Grammar way of life

Write well, live well – or how standards say a lot about you

Write well, live well – or how standards say a lot about you

Writing well is a relative concept, and it applies to the circumstances and the reason why you are sharing your thoughts. Twitting a message with a few botched words just to keep it in the limit of 140 characters has its own level of correctness. However, doing the same in an essay or a job application may have a different effect on the reader. These oscillating rules are conditional standards and the way you use them define you in the eyes of the ones who receive your writings.

Here are some tips to help you keep your writing style clean and allow you to live perfectly comfortable with everything you put on paper.

Whom vs. Who

The difference between the objective form of a pronoun and its relaxed version is crucial. The best example on this matter is the contrast between “whom” and “who.” The former is a formalized and slightly antique option, mostly used in literature. The latter is, of course, the version that we use with a relaxed tone in everyday conversations.
The ideal way to separate them before using either one in a phrase is to substitute them with the third person pronoun. When utilized as a subject, like he or she, the correct form is “who.” However, if you are referring to an object, the right version to use would be “whom.” For example: “Let him who is without sin…” vs. “For whom the bell tolls.”

Write singular and plural nouns well

One of the most important aspects to remember about nouns is that they can be singular or plural, yet the way you relate them to verbs makes all the difference. For example, when referring to a music band, the instinct tells us to use a plural correlation: “The band are playing a concert tonight.” However, this would be wrong as the group is a single unit. On the other hand, when talking about a collection of individuals, the correct way to write is “The family were leaving their past behind and searching for a new beginning.” This simple nuance makes all the difference and it says to your reader more about your attention to details.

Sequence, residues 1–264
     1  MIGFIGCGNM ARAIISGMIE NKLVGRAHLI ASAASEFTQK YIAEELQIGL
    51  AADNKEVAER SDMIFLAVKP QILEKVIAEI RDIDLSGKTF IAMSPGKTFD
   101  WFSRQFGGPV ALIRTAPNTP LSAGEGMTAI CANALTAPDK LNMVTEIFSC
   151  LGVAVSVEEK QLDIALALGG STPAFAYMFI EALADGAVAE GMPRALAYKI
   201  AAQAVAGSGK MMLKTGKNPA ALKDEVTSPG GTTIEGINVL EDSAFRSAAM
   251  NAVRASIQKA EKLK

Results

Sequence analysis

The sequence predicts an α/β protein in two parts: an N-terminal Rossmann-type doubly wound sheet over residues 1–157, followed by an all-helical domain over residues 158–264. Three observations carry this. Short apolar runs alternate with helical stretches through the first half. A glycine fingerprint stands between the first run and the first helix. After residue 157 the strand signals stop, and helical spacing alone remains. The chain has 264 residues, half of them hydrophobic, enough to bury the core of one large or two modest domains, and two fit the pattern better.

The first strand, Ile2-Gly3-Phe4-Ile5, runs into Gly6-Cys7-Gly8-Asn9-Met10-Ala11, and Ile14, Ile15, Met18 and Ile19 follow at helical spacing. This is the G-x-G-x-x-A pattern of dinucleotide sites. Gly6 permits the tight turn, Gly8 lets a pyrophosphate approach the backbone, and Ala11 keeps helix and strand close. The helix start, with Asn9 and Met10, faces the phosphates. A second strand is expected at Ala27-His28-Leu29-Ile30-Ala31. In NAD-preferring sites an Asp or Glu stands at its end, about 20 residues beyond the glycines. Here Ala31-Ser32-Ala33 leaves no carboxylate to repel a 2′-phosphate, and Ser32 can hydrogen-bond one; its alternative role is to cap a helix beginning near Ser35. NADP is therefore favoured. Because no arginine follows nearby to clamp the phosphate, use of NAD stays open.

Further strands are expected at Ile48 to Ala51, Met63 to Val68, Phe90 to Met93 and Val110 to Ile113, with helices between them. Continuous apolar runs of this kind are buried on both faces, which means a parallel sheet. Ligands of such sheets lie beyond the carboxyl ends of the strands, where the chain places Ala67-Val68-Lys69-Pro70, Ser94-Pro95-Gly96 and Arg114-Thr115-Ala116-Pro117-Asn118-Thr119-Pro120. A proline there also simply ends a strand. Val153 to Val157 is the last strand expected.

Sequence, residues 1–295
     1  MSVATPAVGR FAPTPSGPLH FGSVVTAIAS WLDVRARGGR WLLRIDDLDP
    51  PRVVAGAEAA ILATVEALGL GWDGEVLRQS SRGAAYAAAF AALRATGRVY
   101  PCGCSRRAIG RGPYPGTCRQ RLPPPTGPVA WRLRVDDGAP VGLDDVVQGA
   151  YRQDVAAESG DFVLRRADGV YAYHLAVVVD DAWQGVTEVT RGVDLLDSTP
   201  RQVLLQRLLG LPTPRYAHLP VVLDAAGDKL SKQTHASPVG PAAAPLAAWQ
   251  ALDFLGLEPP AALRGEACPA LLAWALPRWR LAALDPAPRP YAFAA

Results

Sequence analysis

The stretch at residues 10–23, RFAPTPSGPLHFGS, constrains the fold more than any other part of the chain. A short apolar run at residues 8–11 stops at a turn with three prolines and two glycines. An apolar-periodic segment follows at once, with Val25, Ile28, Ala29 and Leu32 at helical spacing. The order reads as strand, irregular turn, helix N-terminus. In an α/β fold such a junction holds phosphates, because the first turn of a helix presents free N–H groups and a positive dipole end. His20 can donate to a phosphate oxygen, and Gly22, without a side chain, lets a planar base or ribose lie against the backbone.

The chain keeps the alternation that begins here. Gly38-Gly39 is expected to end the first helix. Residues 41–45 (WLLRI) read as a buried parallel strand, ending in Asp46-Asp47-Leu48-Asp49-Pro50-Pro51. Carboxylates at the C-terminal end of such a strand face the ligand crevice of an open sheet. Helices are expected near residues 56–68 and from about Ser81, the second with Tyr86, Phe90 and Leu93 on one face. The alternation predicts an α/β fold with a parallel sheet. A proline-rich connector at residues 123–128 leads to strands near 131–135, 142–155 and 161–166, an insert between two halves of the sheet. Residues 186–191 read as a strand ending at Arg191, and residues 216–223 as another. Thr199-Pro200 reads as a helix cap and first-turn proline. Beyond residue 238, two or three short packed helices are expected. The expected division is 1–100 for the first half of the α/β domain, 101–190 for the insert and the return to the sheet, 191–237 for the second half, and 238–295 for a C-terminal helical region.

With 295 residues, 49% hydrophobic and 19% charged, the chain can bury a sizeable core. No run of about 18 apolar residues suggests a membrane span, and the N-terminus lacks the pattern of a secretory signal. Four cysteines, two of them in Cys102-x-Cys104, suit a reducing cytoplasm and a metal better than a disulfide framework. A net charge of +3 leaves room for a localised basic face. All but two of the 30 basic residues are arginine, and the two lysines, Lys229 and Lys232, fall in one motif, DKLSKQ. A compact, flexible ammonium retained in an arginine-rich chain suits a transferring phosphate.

Learn about standard comparisons

We use comparisons in our speech on a daily basis. They help us to differentiate between disproportionate values and to standardize certain equivalents. The main contrast between “comparing to” and “comparing with” escapes the notion of many writers and it can lead to undesired consequences. When trying to analyze the differences and similarities between two cars, for example, you “compare one with the other.” However, when trying to tell your loved one that she has the characteristics of a wildflower or a summer night’s dream, you “compare her to it.” It shows that you liken her to a romantic symbol rather than confronting her to it.

You can break redundant rules

One minor change to the traditional style of writing is starting sentences with conjunctions. The old scholars believed that there was nothing fouler than to see words like “because” or “and” at the beginning of a phrase. Modern compositions shy away from this rule and rightly so. This standard gives your writing fluidity, coherence, and estheticism. It also says a lot about you as a writer and how much you value your readers.